Tuesday, February 27, 2007

Inscriptions on Apostates

I an currently reading Stephen Wilson's Leaving the Fold: Apostates and Defectors in Antiquity (Minneapolis: Fortress, 2004). It includes some good epigraphic evidence for either Jewish acculuturation to pagan culture or for apostasy altogether:

Moschos, son of Moschion, a Jew, as a result of a dream [has set up this stele] at the command of the god Amphiaraos and Hygeia, in accordance with the orders of Amphiaraos and Hygeia to write these things on a stele and set [it] up by the altar.

Series of Inscriptions at the temple of the god Pan

Bless God! Theodotos [son] of Dorion, a Jew, rescued from the sea.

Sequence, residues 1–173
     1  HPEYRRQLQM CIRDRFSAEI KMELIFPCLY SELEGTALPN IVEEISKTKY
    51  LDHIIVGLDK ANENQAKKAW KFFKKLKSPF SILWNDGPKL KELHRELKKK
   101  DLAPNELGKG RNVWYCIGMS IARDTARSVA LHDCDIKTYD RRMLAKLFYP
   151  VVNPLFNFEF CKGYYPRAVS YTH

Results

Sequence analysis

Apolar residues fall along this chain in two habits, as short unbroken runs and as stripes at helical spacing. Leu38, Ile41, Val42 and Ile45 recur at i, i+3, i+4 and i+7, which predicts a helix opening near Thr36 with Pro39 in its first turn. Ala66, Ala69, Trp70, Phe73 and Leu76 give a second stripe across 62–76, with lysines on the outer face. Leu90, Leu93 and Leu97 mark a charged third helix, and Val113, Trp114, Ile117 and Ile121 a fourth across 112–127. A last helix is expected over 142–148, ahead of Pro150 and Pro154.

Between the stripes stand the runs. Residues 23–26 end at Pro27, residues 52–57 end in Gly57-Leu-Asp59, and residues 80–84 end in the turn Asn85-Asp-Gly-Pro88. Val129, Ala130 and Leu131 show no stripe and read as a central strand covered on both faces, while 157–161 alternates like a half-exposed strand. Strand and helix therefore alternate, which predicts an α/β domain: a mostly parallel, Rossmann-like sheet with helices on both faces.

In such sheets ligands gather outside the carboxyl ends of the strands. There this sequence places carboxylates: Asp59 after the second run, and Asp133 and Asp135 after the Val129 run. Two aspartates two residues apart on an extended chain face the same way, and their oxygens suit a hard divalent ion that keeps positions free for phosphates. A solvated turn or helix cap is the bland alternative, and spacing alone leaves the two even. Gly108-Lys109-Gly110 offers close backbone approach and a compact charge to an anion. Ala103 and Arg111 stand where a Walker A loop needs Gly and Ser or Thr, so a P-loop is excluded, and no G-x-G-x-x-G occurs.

Ptolemaios [son] of Dionysios, a Jew, blesses the god.

And some others like this one from North Africa:

In memory [plus chi-rho symbol] of the blessed Istablicus who is also called Donatus. Installed by his brother Peregrinus, who is also called Mosattes, once a Jew.

This inscription from Italy in the fourth to fifth century implies a Jew's conversion to Christianity:

Here lies Peter, who is [also called] Papario, son of Olympus the Jew, and the only one of his family/people who has deserved to attain the grace of Christ.

See Wilson, pp. 52-65.

1 comment:

Richard Fellows said...

It is interesting that three of the six people that you mention had double names. Peter here is clearly a conversion name. Converts often took the names Peter or John at this time, just as converts to Judaism often took the names Judah or Sarah.